Specialty coffee needs a lot of care and attention during growing, processing and farmers nowadays experiment with new processing methods. They want to improve the coffee they grow. Because the flavor determines the price. The better the coffee, the higher the price they can get for it. And this is where the price difference, when compared to the coffee that is traded in the stock market, is notable. But it is the quality of coffee that makes specialty roasters pay more for their coffee: 3 times, 4 times, 20 times, sometimes even a few hundred times more compared to the beans in the stock market.
These prices need to be earned. Farmers know that and are working their asses off to deliver better beans every year. That costs money. Let's see why.
Let’s start with the people who make the first contact with coffee when it is ripe – the pickers. Yes, specialty coffee is hand-picked to ensure that only ripe cherries are picked. Pickers are paid about 0,5 euro per kilogram of coffee cherries (let's call this an average for coffee-producing nations). It takes about 6 kg of cherries for a kg of coffee beans. Coffee just got its base price of about 3 €/kg. But the farm needs to survive and invest in new technologies, new processing methods, social security for workers. A coffee farm is a company like any other. They do not work for free. that adds to the price.
The next stop for the beans is the dry mill and the company that takes care of exporting the beans (most likely also the owners of dry mills). The exporter determines the prices based on what is needed; special graded coffee costs more, a certain screen size costs more, micro-lots separation costs more, etc. The coffees are packed in jute (or lately more common Grainpro or similar bags) and ready to ship out to the customers. At this point, we get acquainted with the term F.O.B. – Free On Board. This is the price of produced green coffee that includes the pay for the farmworkers to pick and process the coffee, the selection and departing in the dry mill and the transport to the harbor where the coffee is stored and awaits customers. Lately, more and more roasters have decided to disclose the FOB prices of their coffees. It is not the perfect indicator of the value of everybody that produces and processes the coffee but it is a very good start towards transparency in the specialty coffee’s value chain.
Next, it is the importer’s turn to handle the coffees. And yes, they work with a margin as well (don’t act surprised, companies work for a profit not out of goodwill). These are (usually) large companies that work with farms, cooperatives, and mills to source the coffees, they handle the quality control and handle the transport out of the producing country. These are the people that will send you the samples you need to find your specialty coffee roaster’s next line-up of beans. Oh, there is one more important thing they need to do – they need to pay for the coffee that arrived in the harbor. They pay the FOB price for the whole bunch of coffee but we mostly forget is that they will only get the payment from roasters a few months later when the coffee is actually delivered to roasteries.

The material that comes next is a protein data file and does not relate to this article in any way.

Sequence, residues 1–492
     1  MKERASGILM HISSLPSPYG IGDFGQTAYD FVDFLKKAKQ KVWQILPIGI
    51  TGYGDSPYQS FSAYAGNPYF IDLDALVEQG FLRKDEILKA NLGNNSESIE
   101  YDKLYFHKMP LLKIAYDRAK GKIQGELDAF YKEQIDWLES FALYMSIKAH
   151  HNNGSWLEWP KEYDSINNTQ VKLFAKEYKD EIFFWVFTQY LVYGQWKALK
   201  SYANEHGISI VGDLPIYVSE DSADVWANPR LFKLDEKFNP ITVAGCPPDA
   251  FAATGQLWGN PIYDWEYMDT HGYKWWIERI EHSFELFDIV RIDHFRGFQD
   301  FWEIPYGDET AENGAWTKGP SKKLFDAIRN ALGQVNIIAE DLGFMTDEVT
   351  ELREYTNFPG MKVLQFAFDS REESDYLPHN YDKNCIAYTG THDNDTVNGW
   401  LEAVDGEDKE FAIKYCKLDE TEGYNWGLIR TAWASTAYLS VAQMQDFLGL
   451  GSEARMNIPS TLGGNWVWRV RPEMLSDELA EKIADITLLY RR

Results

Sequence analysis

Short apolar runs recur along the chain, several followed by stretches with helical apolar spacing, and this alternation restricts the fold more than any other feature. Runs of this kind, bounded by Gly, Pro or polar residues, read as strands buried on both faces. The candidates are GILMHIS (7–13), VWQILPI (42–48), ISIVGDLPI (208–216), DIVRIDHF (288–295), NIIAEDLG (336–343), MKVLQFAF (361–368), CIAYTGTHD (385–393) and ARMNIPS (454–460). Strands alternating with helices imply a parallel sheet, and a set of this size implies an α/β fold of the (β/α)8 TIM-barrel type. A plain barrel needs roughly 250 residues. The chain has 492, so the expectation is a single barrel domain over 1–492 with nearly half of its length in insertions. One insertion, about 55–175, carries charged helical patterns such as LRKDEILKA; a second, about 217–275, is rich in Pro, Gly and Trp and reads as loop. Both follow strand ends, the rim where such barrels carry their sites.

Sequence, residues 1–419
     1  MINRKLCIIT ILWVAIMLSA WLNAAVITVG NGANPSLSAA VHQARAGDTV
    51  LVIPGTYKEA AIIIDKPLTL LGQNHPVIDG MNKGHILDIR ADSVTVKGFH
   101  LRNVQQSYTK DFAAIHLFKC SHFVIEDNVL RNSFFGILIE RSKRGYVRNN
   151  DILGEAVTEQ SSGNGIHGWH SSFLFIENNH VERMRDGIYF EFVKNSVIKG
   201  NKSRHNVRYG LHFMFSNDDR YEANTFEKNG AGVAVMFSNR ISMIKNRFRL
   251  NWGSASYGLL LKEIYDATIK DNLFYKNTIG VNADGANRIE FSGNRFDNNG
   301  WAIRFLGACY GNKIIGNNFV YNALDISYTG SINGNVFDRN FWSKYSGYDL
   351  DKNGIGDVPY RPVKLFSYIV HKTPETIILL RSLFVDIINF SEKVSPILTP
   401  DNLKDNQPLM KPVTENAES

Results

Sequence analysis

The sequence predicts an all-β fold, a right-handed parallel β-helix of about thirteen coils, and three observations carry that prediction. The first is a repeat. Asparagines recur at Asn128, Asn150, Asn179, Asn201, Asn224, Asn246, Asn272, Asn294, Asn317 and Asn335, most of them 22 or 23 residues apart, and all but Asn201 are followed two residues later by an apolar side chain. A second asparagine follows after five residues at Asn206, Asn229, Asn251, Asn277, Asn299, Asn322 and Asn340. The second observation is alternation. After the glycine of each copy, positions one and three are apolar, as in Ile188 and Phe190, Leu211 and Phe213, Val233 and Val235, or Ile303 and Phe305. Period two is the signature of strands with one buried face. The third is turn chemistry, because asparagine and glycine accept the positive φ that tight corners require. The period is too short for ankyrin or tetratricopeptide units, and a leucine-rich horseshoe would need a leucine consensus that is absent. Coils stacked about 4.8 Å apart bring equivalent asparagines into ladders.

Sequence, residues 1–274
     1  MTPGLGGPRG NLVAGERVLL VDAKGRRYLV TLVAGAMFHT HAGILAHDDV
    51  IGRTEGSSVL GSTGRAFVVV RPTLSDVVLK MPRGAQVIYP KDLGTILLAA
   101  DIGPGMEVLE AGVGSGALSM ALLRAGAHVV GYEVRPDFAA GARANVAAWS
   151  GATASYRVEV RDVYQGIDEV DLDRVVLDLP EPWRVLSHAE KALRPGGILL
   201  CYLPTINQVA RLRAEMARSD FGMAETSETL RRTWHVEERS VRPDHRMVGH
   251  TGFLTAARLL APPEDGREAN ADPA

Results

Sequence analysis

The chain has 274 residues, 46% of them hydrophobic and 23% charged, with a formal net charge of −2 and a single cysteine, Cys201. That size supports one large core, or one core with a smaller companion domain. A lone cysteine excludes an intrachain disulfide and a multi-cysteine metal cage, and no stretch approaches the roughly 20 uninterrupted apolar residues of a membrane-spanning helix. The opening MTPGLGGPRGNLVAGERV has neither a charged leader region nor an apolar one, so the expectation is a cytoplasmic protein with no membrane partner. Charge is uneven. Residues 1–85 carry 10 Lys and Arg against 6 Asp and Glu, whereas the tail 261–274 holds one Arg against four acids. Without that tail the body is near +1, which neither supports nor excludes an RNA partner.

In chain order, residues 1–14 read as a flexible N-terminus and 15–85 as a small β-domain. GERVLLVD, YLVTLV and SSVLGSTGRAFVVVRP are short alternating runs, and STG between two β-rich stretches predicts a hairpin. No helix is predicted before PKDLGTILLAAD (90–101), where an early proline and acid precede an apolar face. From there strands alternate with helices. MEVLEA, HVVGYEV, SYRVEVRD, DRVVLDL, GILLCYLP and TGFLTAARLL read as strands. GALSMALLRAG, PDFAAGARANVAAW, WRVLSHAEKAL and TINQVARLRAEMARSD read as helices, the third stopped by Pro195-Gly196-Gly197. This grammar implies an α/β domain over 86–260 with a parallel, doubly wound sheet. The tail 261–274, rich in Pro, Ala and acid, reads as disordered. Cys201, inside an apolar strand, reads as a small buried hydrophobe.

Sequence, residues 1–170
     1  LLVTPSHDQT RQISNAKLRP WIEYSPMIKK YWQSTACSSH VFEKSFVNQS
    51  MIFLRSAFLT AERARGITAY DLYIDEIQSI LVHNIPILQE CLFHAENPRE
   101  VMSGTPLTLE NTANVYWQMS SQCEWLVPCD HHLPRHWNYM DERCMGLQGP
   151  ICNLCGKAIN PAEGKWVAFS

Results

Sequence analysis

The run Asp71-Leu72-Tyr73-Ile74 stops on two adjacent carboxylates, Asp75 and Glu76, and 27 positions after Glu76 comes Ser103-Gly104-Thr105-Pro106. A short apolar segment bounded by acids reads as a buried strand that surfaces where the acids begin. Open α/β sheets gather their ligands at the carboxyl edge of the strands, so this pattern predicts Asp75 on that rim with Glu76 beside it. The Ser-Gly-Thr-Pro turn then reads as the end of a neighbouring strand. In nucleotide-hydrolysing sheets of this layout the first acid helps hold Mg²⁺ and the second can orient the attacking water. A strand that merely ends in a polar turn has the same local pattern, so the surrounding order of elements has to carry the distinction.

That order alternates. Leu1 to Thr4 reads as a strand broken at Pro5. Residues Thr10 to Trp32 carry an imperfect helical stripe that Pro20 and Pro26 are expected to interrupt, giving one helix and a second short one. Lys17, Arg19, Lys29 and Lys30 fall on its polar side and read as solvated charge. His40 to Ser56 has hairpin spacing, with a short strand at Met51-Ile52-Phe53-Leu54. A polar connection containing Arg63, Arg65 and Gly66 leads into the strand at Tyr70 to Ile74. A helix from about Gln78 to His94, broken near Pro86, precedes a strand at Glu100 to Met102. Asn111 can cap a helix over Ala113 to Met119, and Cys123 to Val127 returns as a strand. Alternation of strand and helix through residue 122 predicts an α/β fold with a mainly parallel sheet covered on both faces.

The transformation from green to brown
Beans have exchanged quite a lot of hands already and finally, it’s time for the roaster to get his hands on them. It takes a lot of work to select the coffees to roast and samples from importers help a lot. Then it’s time to order these coffees (and of course pay for them) and get roasting. First thing first, after roasting, about 15% of the coffees’ weight is lost and the price is already higher for a kg of beans. Add to that the cost of the roasting equipment and labor plus the marketing to even sell the coffee. Yup, these costs add up, and let’s not forget again that the roasters also do not work for fun. It’s a business. It’s survival.
Let’s sum it up …
Production of a proper cup of specialty coffee will cost somewhere around 15 euro per kg of beans (the price from a small specialty roastery where the quantity is low). We’re talking about a decent washed specialty coffee. Now let’s head back to the NY stock market. 0,92$/pound roughly equals 1,5 € for a kg of coffee. Now read the paragraphs above again to see what needs to be done for coffee to be produced (keep in mind that specialty coffee requires much more hand labor compared to commodity coffee where machines do a lot of work). Something is not quite right …
The bottom line – the prices of commodity coffee are low. Too low. And it is a disease that is spreading from commodity trading into specialty coffee as well, as there is no guarantee that the high price of a coffee you buy as a roaster (and drink as the end customer) is justified. That is why we need more transparency in coffee. Don’t standstill. Ask questions about your coffee and how it was produced, processed, traded, imported. And if you’re lucky, you are holding a bag of coffee in your hands from a roaster that knows all that. And is willing to share this information with you.